Get hitched in Hawaii


By Sarah Sekula, published in Destination Weddings & Honeymoons

Hawaii has the rare distinction of being fully American and fully exotic. You don’t change currency, but the landscape changes from beach to jungle to volcanic desert. And you don’t need a language translator, but you’ll leave with a warm sense of aloha. Here’s where to stay, play and party.

The Big Island (aka Hawaii), as one might guess, is rather large, which means it’s a massive canvas for some show-stopping natural wonders. Geographically unique, it has 11 of the world’s 13 climate zones. This means, couples wed on the beach with snow-capped mountains in the distance and entertain guests with treks through the rain forest or excursions to the fire-spitting volcanoes. That said, the varied landscapes provides a variety of backdrops for weddings full of whimsy and play.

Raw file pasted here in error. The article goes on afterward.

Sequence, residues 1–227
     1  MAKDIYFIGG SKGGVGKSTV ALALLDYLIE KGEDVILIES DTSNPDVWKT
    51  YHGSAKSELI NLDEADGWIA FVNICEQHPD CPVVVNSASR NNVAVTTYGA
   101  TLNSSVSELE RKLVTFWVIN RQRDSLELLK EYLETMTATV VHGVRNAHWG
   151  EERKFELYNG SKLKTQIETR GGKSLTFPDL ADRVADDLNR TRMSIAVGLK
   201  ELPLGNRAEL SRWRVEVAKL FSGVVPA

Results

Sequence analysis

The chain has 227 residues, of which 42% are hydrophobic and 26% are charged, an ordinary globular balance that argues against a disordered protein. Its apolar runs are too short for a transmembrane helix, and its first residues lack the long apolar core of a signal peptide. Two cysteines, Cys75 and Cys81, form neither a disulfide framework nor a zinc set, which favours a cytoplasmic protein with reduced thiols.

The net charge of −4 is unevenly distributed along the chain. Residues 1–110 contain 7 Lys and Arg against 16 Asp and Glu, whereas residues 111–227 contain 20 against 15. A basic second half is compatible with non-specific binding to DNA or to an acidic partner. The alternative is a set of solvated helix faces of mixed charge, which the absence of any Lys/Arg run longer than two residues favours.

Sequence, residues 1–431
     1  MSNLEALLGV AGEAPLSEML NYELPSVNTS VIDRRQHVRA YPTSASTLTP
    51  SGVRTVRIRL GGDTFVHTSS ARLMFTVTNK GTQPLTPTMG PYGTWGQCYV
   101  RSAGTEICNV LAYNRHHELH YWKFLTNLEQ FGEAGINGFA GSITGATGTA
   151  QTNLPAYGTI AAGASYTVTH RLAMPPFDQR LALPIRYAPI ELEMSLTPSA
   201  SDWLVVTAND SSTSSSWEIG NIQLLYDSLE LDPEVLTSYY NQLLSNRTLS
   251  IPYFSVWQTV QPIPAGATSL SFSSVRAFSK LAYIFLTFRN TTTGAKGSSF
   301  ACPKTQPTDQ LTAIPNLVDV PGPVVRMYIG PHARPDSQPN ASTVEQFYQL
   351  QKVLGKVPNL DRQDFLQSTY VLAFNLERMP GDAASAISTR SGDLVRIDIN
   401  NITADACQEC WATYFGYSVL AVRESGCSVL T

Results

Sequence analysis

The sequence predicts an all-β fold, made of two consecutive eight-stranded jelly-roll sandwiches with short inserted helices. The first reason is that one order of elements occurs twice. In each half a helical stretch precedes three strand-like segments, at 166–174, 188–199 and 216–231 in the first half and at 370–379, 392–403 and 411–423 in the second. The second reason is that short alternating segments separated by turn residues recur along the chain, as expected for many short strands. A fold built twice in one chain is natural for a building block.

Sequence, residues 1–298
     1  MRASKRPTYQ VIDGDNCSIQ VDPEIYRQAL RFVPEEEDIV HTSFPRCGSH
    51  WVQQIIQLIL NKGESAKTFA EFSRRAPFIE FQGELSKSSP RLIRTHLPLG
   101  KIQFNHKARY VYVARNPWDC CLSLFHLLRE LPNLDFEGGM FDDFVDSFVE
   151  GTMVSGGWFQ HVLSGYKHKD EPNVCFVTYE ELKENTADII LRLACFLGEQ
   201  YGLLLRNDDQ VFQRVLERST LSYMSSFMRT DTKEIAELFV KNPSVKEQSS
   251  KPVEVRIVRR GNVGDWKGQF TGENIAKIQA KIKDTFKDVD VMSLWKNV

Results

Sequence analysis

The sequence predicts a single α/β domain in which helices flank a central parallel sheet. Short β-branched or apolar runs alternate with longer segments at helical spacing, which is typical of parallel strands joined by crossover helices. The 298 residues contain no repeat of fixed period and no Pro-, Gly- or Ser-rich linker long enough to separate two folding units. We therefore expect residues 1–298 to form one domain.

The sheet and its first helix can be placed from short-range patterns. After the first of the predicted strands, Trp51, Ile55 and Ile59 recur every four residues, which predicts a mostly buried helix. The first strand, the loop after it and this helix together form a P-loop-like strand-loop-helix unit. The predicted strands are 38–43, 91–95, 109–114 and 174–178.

To the north on the Kohala Coast is The Fairmont Orchid, Hawaii, a luxe 32-acre resort. Here, an afternoon wedding at the Victorian-style Turtle Pointe Gazebo comes with a dreamy mountain backdrop, black and white coral and sea turtles basking in the sun. The event staff will even arrange for the bride to arrive via outrigger canoe. Be sure to reserve Saturday night for the impressive luau celebration, a full-on feast with music, dance and history. Rooms from $339; weddings from $3,500.

On the west shore, Hapuna Beach Prince Hotel has a courtyard surrounded by Hong Kong orchid trees and a hyper-manicured lawn with plenty of space. A rehearsal dinner at Ocean Terrace’s (one of the hotel’s four eateries) is a crowd pleaser thanks to the sprawling seafood buffet. Rooms from $440; weddings from $1,500.
If historic is what you’re after, Courtyard Marriott King Kamehameha’s Kona Beach Hotel, delivers. Centrally located in Kailua Village, it marks the spot where King Kamehameha spent his final years. Weddings on the luau grounds have views of Ahuena Heiau, Kamehameha’s temple to the Hawaiian God of peace. (Note: Avoid October when the hotel hosts the Ironman World Championship.) Rooms from $219; weddings from $1,000.